But these institutions are all under threat, and our economic disparities are widening. Even though our material standards are better, we have the same social divisions as the Americans. Ours are in the gap between the urban well-off and those in outer suburban and rural regions. It's the same division but with a different regional manifestation.
Tony Abbott knows how to speak to those who "want their country back", and he speaks with assurance. He doesn't have to argue for his position, because, like the Wyoming politician, he speaks to those who "know" that their living standards are falling, that the government is incompetent and corrupt, that our public debt is skyrocketing, that the planet isn't warming... As David Marr points out in his recent Quarterly Essay:
"Cultivating the fears and harnessing the rage of minorities is a great conservative skill. Abbott has it in spades. His pitch to the fearful is the nameless dread of change in a fragile world."
Such simplified messages, in Australia and in the USA, crowd out any hope of addressing our shared problems — growing inequality, deficiencies in public goods, over-dependence on non-renewable resources and damaging contributions to global warming. America's problems are writ larger than ours, and have some particular characteristics such as racial divisions and an even wackier set of federal-state arrangements than ours, but we are not far behind.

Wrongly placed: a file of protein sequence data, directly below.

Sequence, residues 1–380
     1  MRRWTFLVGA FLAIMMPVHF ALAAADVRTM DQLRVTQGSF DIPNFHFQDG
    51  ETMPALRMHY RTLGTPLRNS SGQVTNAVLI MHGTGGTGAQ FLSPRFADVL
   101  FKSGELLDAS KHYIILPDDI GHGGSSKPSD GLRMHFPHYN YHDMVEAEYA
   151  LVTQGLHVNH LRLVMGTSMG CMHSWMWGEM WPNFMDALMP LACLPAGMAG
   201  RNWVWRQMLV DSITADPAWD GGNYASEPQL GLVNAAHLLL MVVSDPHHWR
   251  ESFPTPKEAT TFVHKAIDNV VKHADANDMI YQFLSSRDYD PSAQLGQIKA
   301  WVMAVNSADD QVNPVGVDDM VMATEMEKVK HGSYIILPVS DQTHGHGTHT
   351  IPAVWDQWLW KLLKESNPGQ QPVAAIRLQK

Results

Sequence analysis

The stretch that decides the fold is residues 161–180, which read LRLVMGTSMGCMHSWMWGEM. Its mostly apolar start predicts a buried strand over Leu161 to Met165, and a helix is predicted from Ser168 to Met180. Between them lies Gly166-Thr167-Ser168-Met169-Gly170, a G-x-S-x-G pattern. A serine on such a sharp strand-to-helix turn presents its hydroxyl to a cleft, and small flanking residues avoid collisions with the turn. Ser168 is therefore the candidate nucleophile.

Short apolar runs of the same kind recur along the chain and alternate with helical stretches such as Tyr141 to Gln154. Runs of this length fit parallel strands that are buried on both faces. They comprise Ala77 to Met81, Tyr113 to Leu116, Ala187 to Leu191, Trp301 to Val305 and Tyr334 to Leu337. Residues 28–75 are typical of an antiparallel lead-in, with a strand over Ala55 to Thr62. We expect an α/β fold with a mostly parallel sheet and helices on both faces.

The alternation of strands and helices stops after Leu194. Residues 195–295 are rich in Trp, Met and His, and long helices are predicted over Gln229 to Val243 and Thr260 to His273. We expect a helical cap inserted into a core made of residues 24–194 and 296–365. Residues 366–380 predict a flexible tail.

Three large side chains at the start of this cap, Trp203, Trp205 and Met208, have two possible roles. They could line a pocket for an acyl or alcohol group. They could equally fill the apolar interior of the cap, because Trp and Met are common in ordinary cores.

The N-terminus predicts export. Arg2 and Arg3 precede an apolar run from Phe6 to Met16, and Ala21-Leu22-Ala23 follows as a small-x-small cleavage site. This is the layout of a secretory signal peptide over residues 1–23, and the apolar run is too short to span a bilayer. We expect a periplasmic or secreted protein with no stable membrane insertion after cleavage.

A specific problem facing both countries is inadequate public revenue, reinforced by a consistent message that one of our greatest menaces is "big government". Australia and the USA are both low-tax countries, with taxes at 29 and 27 per cent of GDP respectively, placing us among the lowest-taxed of all OECD countries (which have an average tax of 35 per cent of GDP). It's little wonder that our infrastructure isn't keeping up and that our education standards are slipping.
Even if their federal politicians lack the courage to raise taxes, however, Californians have taken some small steps to restore public revenue. In an initiative which commanded little attention in our press, Californians voted in favour of Governor Brown's proposition to raise state taxes. (States use federal election days to include state proposals.)
These measures raise state sales tax by 0.25 percent, and they raise state income taxes for those 3 per cent of Californians with annual incomes above $250,000. Proceeds of around $8 billion a year will be largely directed to school education. Scaled back to Australia's population (23 million compared with 38 million in California) that would equate to about $5 billion — enough to fund the Gonski reforms.
In Australia, independent MP Rob Oakeshott has had the courage to broach the issue of increasing our indirect tax revenue. He can take comfort from California's example. Californians and Australians may protest when their governments get engaged in futile military ventures, but they may be much more supportive when their governments raise taxes for worthwhile public purposes.